I know, I know, salad isn’t a food we usually associate with Thanksgiving. (Stuffing is not salad. Nor is green bean casserole.) But in my reading this week, I came across a quote disagreeing with the concept of America as a melting pot. Instead, “Everyone keeps their different shapes and forms but still contributes something to the salad.” I like that; it’s both more accurate and a better ideal.
I’m still not going to eat salad on Thanksgiving, but we can give thanks for the great Salad Bowl of America, imperfect though it is.
And whence comes that great quote, you ask? From this great City Room post on a unique new college education program in a Connecticut prison. Selected for their essays and academic potential, these incarcerated students take classes from Wesleyan University professors, using the same syllabi and the same standards of grading as are used on Wesleyan’s campus. The classes are the same, but the students bring a much different perspective: a view from inside a justice system with, among other things, much higher rates of incarceration for Blacks and Latinos than for whites.
Disney’s The Princess and the Frog is coming out soon, featuring their first African American princess, a waitress in 1920s New Orleans, and it’s really great that we’ve come that far . . . but that doesn’t mean there shouldn’t be very careful looks taken at the movie. Here’s a post looking at the skin and hair colors seen in the trailer, and the biracial American experience.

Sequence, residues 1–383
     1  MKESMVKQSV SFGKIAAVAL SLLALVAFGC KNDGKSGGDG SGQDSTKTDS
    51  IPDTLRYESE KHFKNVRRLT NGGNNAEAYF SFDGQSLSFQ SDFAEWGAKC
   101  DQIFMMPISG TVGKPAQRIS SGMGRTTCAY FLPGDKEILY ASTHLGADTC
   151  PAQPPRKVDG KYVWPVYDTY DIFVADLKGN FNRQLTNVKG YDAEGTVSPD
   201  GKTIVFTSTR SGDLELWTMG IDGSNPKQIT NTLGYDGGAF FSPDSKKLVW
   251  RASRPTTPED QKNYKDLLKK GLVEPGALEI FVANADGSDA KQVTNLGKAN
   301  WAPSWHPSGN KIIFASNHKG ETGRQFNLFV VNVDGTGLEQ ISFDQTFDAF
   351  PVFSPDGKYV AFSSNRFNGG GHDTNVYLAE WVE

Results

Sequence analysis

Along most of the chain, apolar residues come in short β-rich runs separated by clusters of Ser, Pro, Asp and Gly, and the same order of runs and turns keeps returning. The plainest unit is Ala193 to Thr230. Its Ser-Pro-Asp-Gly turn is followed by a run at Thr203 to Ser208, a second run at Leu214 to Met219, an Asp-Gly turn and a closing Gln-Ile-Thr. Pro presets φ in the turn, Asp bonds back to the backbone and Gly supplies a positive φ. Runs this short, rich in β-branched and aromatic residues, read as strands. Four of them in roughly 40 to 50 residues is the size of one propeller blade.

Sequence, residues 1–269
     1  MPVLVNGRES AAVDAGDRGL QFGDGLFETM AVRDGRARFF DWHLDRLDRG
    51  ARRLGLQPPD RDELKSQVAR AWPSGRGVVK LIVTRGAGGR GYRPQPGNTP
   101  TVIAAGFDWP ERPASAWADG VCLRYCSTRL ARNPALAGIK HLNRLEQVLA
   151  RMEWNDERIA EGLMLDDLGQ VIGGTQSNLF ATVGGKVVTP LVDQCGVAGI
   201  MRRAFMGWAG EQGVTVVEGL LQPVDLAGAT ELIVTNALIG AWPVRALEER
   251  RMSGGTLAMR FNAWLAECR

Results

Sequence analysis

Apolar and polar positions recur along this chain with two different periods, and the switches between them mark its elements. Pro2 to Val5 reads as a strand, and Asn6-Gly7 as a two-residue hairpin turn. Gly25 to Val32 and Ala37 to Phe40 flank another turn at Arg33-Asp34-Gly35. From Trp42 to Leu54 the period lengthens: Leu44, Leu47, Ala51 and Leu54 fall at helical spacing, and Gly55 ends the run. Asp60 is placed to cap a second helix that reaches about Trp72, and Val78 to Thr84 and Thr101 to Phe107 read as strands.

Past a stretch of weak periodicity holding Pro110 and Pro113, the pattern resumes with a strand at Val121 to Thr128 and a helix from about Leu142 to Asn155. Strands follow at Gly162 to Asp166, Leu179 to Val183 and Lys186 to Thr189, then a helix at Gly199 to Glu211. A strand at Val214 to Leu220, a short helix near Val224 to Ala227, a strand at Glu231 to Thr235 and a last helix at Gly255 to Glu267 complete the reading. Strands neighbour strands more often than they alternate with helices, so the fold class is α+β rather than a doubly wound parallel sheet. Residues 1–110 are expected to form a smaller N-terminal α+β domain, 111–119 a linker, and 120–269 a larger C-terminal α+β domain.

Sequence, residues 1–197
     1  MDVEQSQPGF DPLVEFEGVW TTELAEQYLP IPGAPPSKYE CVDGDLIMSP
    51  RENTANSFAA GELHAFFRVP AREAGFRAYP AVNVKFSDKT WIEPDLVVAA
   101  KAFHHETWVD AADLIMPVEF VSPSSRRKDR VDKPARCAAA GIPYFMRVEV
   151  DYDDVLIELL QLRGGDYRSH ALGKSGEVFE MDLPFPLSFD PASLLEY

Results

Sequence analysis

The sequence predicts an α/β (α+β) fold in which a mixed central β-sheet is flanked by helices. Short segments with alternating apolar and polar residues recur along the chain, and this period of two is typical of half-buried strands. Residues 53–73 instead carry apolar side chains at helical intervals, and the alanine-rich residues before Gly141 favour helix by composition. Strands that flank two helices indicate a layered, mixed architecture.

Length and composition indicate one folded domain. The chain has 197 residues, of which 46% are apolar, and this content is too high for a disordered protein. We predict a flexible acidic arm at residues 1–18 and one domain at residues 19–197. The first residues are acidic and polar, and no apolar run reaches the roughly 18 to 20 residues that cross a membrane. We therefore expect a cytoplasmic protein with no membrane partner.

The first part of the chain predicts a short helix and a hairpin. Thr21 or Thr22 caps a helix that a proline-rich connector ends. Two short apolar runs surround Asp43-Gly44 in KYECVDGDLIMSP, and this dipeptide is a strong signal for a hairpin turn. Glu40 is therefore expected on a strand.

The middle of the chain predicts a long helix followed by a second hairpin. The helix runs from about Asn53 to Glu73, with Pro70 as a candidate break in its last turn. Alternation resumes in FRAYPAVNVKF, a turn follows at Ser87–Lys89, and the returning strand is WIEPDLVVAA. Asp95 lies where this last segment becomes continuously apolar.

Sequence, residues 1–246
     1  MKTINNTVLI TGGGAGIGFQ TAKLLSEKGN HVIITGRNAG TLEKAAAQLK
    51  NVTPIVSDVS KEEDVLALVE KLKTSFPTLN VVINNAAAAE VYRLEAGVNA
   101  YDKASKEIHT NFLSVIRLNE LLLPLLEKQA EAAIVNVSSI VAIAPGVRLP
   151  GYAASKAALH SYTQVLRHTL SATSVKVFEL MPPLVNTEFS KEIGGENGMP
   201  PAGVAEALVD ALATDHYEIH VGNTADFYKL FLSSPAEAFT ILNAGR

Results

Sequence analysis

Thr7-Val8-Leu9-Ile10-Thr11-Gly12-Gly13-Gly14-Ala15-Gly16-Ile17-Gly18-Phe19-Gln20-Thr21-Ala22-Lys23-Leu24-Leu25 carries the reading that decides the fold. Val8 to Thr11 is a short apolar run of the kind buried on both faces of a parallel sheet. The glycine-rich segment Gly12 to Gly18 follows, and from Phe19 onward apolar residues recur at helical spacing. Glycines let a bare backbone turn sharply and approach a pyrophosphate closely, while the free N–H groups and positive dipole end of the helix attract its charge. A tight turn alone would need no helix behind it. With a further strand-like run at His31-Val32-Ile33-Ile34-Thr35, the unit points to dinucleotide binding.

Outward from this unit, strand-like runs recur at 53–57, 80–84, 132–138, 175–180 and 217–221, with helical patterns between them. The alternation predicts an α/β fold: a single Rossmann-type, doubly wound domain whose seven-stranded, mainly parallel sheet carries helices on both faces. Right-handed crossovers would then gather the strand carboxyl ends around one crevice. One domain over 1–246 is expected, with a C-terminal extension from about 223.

Also dealing with the biracial experience is Lou Jing, a Chinese singer—the daughter of a Chinese woman and an African American man—who faced criticism for her skin color after appearing on a an “American Idol”-style show. Racialicious shares some pretty horrible expressions of racism that have been lobbed at Lou Jing in online forums.
Meanwhile, today is Unviersal Children’s Day and the twentieth anniversary of the Convention for the Rights of the Child, but the condition of many children is still bleak, particularly in developing nations and among ethnic minorities, such as the Roma in Europe.
3 thoughts on “This Week in Diversity: Salad”
No melting pot and salad doesn’t work either. Try Ms. Sato’s ethnic stew a new version more inclusive. I heard it in 1989 from H.J. Belton Hamilton. I think you can get the idea. Stew’s have a sauce that does blend along with the elements that remains in it’s shape.
Interesting! I like that, Sarah.
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